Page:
This week there are some great opportunities for work, training and community building in juvenile defense.
Job Post Reminder and a Nice Little Feature
We want to remind everyone that the North Carolina Commission on Racial and Ethnic Disparities (NCCRED) will be closing applications for its executive director position on Feb. 15. The organization seeks an executive director who can provide organizational leadership, racial equity coalition building, and can manage its commission committees and initiatives. Top candidates will have a passion for racial justice and criminal justice reform, excellent communication skills, the ability to manage a wide variety of organizational priorities, comfort with conflict and engaging in robust dialogue with people of differing views and experience in criminal justice reform. Please find the details about the position and how to apply here.
If you haven’t already heard, the UNC School of Government recently added a post promoting the General Counsel Office of the Administrative Office of the Courts. This post is a Q&A with LaToya Powell, former law professor of UNC and the new assistant legal counsel for the Office of General Counsel, working primarily in juvenile justice. In the article, written by Austine Long, Powell discusses challenges in her new role, making an impact on Raise the Age, and her personal interest in juvenile justice. You can read Austine’s post here.
Training for a Better You
On June 12-14, 2018, Global Youth Justice will host its 19th Global Youth Justice Training Institute in Cape Cod, MA. Through more than 25 presenters, sessions, and workshops, participants will learn strategies to establish or enhance local volunteer-driven juvenile justice and youth justice diversion programs called Teen/Youth/Student/Peer Court or Peer Jury. Topics will include youth and adult volunteer training; quality community service placements, programmatic enhancements, and operational strategies, administrative tips, grant writing, identifying funding opportunities, and more. This will be the first year that both adults and youth will be able to attend. To register and learn more about this exciting event, please check the website here.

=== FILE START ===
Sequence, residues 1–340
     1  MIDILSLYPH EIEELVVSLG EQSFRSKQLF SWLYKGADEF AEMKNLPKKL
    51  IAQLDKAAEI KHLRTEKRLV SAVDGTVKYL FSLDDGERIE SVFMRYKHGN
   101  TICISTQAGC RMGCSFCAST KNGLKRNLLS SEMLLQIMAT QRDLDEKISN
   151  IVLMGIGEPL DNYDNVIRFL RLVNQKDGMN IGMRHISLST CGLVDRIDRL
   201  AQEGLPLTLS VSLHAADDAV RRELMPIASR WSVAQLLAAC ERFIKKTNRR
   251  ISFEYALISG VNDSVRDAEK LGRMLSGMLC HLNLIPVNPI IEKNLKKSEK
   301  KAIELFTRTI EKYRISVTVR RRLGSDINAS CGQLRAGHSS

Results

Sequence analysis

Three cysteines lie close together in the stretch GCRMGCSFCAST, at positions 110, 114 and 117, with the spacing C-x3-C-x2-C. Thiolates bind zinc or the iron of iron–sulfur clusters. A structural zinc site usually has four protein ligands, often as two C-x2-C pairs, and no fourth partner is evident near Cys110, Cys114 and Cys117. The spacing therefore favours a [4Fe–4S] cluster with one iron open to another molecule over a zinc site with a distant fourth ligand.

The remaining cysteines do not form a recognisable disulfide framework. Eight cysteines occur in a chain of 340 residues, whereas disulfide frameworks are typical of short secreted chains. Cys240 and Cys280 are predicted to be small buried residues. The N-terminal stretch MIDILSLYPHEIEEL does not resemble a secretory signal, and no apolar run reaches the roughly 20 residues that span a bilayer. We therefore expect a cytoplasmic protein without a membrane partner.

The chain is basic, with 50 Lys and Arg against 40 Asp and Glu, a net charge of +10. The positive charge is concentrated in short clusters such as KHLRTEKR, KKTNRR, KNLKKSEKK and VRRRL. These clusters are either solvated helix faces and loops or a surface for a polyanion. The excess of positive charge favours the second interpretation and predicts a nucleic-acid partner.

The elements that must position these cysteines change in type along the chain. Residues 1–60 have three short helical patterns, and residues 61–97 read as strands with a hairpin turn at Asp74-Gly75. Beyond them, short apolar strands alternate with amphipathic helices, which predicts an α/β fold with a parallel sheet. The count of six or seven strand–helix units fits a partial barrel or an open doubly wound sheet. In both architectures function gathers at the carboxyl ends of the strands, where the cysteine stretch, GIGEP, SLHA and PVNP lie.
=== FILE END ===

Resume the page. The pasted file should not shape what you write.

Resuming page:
registration is now open. This full-day seminar provides training for attorneys who represent alleged contemnors in child support enforcement proceedings. The seminar will begin with sessions on the requirements for civil and criminal contempt and the dispositional alternatives available to the trial court. It continues with presentations on understanding the state and federal regulations, community resources for your clients, and advocacy in child support contempt cases. The seminar also includes a one hour ethics session. This training is open to public defenders and private attorneys who do appointed work and is geared toward attorneys who represent respondents in child support enforcement proceedings. Pre-registration is required, there will be no onsite registration, and space is limited. The registration deadline is 5:00 p.m. on Monday, February 19. To register online, as well as to find directions and other program information (including our cancellation and refund policy), please visit here. If you have any questions or would like additional information, please contact Tanya Jisa, Program Manager, firstname.lastname@example.org or 919-843-8981, or Austine Long, Program Attorney, at email@example.com or 919.962.9594.
Registration is still open for the “Advocating for Youth Charged with First Degree Murder” training until Feb. 15. We want to make sure that everyone, especially those in the juvenile defense community, have a chance to take advantage of this valuable training. Please be sure to check it out here and we will continue to offer light reminders in the coming weeks.
The Center for Juvenile Justice Reform(CJJR) is accepting applications for its Youth in Custody Certificate Program until March 2. This program will take place June 11–15, 2018, at Georgetown University in Washington, DC. The training is designed for juvenile justice system leaders and partners working to improve outcomes for youth in post-adjudication custody. The curriculum covers critical areas, including culture change and leadership, addressing racial and ethnic disparities, family engagement, assessment, case planning, facility-based education and treatment services, and reentry planning and support. Upon approval of a Capstone Project Proposal initiating or building on local reform efforts, participants receive an Executive Certificate from Georgetown University and join the CJJR Fellows Network of more than 850 individuals. For further details on this program and how to apply, please check out the link here.
That will be all for this week. We will have more to come soon and we encourage you all to check back soon for updates and fresh announcements.
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